Ask yourself today in every situation: Am I acknowledging Jesus as Lord over this? In every disagreement, ask: Am I serving myself in my response or am I serving Jesus with my words, my will, or my actions? How do I need to submit an issue or a relationship to Christ's Lordship trusting that He will provide the joy of unity even if I am having to set aside immediate wants or comforts?

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Who Is the Church? 1 Corinthians 1:1-2

1 Corinthians 1:1–2 (ESV) — 1 Paul, called by the will of God to be an apostle of Christ Jesus, and our brother Sosthenes, 2 To the church of God that is in Corinth, to those sanctified in Christ Jesus, called to be saints together with all those who in every place call upon the name of our Lord Jesus Christ, both their Lord and ours:

Yesterday, we saw that the church is the local expression of the body of Christ.

Today, we want to focus on who is the church? Is it those whose parents went to a Christian church? Is it those who were catechized or confirmed? Baptized as a child? Walked an aisle or signed a card? Attended a membership class?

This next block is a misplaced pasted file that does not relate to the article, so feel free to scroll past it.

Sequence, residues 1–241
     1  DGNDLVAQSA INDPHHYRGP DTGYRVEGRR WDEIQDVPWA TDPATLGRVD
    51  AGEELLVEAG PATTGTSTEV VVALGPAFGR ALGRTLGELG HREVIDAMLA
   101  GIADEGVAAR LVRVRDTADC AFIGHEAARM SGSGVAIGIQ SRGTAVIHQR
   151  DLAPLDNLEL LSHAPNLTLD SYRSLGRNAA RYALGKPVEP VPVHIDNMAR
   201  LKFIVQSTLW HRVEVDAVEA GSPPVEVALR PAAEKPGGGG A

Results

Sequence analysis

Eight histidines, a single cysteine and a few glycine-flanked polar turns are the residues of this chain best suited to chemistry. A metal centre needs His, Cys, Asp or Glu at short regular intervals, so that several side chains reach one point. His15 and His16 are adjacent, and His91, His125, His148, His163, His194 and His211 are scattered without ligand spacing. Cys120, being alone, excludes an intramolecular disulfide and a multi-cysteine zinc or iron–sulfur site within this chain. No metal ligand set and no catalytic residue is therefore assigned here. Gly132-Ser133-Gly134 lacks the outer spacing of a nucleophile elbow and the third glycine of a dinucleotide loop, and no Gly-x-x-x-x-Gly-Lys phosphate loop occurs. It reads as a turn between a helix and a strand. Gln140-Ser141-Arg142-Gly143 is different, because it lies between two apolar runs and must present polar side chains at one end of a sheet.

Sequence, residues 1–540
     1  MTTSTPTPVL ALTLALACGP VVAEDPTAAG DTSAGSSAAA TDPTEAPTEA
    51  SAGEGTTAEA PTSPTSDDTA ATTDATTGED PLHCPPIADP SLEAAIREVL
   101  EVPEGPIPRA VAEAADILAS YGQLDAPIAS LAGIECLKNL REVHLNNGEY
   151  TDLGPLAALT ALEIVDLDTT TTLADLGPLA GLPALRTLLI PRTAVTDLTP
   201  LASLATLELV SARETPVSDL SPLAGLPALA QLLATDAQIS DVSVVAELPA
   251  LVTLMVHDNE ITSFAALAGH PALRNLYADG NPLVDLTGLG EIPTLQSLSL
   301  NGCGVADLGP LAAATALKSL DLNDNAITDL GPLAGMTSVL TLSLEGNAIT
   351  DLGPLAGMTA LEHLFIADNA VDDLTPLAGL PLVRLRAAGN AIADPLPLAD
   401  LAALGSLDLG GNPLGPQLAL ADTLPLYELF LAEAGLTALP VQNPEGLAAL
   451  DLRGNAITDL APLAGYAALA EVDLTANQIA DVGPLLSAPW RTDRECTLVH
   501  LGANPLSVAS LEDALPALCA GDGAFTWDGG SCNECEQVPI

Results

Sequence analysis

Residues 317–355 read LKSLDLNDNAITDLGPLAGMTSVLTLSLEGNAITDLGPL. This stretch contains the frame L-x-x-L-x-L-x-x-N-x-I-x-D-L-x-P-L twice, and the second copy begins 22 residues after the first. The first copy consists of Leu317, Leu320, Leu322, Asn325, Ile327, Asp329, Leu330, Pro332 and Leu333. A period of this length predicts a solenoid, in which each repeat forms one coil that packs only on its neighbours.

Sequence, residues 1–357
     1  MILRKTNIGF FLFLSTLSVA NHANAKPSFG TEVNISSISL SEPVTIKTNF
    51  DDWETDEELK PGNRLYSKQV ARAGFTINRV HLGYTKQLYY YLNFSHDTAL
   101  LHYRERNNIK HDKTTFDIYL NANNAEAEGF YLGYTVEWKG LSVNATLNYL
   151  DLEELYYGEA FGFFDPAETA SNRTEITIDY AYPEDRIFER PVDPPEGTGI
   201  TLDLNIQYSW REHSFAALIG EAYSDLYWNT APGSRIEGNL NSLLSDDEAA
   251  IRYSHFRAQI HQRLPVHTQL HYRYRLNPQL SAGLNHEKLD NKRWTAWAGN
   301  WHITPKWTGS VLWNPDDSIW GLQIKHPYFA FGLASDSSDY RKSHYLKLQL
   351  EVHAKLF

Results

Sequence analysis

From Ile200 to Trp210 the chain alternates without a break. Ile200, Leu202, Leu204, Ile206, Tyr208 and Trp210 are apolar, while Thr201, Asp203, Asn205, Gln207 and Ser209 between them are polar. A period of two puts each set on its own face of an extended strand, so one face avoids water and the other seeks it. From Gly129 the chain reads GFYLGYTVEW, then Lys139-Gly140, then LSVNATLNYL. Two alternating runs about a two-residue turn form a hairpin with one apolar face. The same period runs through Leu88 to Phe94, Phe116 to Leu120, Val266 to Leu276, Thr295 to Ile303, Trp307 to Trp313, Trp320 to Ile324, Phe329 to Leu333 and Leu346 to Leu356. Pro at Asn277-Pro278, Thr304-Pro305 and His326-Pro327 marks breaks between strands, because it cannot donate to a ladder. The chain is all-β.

The quick answer is that the church is Christians gathered as the body of Christ for the building up of one another and the spreading of the good news of salvation in Christ.

But this is not where Paul begins. When Paul begins to address this body of Christians in Corinth, he reminds them that they are those who were "called to be saints."

What does it mean to be the "called?" First, it means that God personally called you, if you are a Christian. The other night, shortly after falling asleep, I was awakened by the sound of my own name. My wife was reminding me of something that needed to be done before the day was over. She didn't issue a general call to anyone who might take care of it. She called me by name, because I am hers by covenant.